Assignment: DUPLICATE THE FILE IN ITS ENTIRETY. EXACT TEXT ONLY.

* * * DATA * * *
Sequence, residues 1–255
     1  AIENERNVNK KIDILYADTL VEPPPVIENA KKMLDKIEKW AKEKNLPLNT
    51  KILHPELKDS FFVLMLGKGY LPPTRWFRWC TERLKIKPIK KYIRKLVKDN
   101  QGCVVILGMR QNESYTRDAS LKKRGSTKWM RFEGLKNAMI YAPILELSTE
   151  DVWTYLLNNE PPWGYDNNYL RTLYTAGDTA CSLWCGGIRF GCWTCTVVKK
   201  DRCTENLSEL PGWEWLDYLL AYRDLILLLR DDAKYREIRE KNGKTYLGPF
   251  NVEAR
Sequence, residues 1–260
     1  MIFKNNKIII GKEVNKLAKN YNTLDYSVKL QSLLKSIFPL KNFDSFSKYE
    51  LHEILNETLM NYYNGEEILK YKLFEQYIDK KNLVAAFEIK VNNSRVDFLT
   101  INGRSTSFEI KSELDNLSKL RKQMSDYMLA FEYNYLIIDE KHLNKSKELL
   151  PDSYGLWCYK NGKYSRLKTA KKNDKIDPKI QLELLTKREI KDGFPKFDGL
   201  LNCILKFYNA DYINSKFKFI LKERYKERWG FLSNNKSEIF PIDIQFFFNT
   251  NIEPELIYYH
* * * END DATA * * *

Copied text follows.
Sequence, residues 1–255
     1  AIENERNVNK KIDILYADTL VEPPPVIENA KKMLDKIEKW AKEKNLPLNT
    51  KILHPELKDS FFVLMLGKGY LPPTRWFRWC TERLKIKPIK KYIRKLVKDN
   101  QGCVVILGMR QNESYTRDAS LKKRGSTKWM RFEGLKNAMI YAPILELSTE
   151  DVWTYLLNNE PPWGYDNNYL RTLYTAGDTA CSLWCGGIRF GCWTCTVVKK
   201  DRCTENLSEL PGWEWLDYLL AYRDLILLLR DDAKYREIRE KNGKTYLGPF
   251  NVEAR
Sequence, residues 1–260
     1  MIFKNNKIII GKEVNKLAKN YNTLDYSVKL QSLLKSIFPL KNFDSFSKYE
    51  LHEILNETLM NYYNGEEILK YKLFEQYIDK KNLVAAFEIK VNNSRVDFLT
   101  INGRSTSFEI KSELDNLSKL RKQMSDYMLA FEYNYLIIDE KHLNKSKELL
   151  PDSYGLWCYK NGKYSRLKTA KKNDKIDPKI QLELLTKREI KDGFPKFDGL
   201  LNCILKFYNA DYINSKFKFI LKERYKERWG FLSNNKSEIF PIDIQFFFNT
   251  NIEPELIYYH